What Is a Peptic Ulcer?
A peptic ulcer is a sore on the lining of the stomach or duodenum. A common cause of peptic ulcers is infection with the H. pylori bacterium, but a class of medications called non-steroidal anti-inflammatory agents (NSAIDs), like aspirin and ibuprofen, can lead to such ulcers as well. Contrary to popular belief, stress and spicy foods do not cause ulcers, but can exacerbate existing ones. H. pylori leads to an ulcer by attacking the mucous shield that coats the stomach and duodenum, allowing digestive acid to get through to the lining beneath. The acid and the bacteria irritate the lining and cause an ulcer. H. pylori is a well known culprit in adult peptic ulcers but may not be as common in children. Peptic ulcers are unusual in healthy children. Children who have serious medical conditions may develop peptic ulcers as a secondary condition. Also, children may be more vulnerable to the effects of NSAIDs and therefore peptic ulcers in children may be caused by such medications more often than in adults.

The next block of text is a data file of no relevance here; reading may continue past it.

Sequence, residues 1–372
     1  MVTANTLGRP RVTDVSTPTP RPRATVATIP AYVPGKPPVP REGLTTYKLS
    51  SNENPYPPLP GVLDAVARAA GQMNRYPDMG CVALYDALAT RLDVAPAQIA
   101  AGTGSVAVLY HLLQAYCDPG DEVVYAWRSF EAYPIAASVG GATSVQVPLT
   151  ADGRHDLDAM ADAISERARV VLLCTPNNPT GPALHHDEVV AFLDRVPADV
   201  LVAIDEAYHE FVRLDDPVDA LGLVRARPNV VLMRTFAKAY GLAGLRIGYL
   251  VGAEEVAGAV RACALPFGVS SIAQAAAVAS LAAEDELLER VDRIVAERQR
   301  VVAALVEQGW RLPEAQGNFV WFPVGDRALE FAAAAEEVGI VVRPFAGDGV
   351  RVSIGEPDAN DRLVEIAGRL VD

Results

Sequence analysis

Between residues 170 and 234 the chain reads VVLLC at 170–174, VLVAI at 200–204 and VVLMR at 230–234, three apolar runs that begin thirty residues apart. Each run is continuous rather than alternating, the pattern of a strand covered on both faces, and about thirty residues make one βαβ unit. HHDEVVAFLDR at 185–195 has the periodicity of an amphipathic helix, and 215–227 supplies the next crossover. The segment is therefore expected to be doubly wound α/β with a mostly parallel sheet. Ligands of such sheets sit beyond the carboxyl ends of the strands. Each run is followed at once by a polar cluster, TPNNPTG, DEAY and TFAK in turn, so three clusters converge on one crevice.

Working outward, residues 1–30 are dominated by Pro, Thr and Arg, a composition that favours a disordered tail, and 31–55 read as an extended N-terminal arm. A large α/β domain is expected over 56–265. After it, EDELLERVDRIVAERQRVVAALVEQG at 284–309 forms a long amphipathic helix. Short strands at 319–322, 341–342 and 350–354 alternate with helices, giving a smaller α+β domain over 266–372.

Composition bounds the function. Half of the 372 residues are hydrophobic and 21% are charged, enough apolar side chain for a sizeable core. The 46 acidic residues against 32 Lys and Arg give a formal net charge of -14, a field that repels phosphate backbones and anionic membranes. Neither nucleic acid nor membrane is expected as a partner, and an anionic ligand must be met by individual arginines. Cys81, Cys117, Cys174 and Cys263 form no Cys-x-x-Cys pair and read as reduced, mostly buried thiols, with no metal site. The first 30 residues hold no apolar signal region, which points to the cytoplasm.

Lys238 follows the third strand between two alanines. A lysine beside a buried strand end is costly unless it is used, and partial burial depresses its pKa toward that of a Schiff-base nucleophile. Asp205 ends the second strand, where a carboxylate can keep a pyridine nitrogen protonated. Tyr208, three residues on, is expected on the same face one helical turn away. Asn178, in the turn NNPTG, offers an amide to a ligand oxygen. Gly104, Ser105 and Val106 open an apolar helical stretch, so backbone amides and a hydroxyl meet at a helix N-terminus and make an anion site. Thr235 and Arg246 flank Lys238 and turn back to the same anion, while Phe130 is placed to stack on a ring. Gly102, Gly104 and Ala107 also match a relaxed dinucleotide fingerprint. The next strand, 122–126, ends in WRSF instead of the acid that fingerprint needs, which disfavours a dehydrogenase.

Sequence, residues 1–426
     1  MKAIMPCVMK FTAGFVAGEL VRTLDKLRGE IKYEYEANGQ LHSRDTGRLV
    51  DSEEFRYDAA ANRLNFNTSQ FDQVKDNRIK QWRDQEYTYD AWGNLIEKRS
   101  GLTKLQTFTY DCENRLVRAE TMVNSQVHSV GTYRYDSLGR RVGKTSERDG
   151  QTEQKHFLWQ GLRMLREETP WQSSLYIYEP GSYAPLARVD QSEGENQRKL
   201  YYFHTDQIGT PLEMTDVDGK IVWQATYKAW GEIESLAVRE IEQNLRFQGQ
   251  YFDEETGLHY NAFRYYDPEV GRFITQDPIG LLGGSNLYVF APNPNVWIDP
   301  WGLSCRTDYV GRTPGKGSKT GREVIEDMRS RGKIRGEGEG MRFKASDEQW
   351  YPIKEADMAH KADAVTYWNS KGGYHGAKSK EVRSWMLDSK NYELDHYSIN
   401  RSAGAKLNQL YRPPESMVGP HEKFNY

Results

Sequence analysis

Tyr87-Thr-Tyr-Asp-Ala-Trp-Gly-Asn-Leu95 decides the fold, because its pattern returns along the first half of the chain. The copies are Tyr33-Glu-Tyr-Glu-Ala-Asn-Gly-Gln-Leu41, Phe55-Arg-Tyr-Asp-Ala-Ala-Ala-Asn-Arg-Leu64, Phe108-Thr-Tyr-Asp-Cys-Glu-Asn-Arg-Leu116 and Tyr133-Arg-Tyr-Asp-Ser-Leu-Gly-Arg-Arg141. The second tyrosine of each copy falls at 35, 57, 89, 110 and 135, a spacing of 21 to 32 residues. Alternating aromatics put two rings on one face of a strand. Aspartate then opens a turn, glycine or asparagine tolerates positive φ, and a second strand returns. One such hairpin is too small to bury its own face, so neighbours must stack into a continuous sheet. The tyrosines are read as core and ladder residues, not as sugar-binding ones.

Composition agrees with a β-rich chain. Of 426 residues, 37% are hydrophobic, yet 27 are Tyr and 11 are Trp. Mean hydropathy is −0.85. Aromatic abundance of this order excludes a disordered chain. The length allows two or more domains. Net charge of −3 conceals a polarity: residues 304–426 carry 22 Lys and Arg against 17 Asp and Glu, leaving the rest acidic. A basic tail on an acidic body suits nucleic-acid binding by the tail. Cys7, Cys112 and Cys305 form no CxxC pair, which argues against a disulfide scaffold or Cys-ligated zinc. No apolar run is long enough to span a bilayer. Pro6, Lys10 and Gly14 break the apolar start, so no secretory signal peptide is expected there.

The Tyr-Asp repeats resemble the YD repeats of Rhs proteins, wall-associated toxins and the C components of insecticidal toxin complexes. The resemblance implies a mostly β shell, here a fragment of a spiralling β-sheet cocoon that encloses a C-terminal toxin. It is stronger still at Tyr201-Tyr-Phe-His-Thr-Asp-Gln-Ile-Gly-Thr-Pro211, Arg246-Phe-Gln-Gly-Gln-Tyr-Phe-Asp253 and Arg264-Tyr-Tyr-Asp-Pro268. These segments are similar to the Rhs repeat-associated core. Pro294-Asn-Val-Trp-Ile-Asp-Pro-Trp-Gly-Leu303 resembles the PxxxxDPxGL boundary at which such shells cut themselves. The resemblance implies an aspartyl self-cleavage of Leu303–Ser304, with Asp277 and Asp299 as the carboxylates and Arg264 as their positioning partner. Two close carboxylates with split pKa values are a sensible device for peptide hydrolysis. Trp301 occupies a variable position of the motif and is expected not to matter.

- dull stomach ache or pain
- abdominal discomfort that comes and goes
- pain and discomfort that typically occur several hours after a meal or in on an empty stomach
- pain, discomfort that may be relieved by eating
- pain and discomfort that are usually relieved by antacid medications
- less commonly, vomiting
X-ray of the gastrointestinal tract
Endoscopy, an exam of the stomach and duodenum with an endoscope, a thin, lighted tube with a tiny camera on the end
Blood test or stool test for H. pylori
Ulcers caused by H. pylori are treated with a course of antibiotics to eradicate the bacterium from GI tract, as well as with drugs to reduce stomach acid, and protect the stomach lining. Ulcers caused by NSAIDs are treated by stopping the medications that caused them and by taking drugs that promote healing of the stomach lining.
When to Call for Help?
Call your pediatrician if your child has any symptoms suggestive of peptic ulcer. If your child has been diagnosed with an ulcer, call a doctor immediately if the following occur as they may be symptoms of gastro-intestinal bleeding or ulcer perforation:
At Hopkins Children’s, peptic ulcers are treated by the Division of Gastroenterology and Nutrition.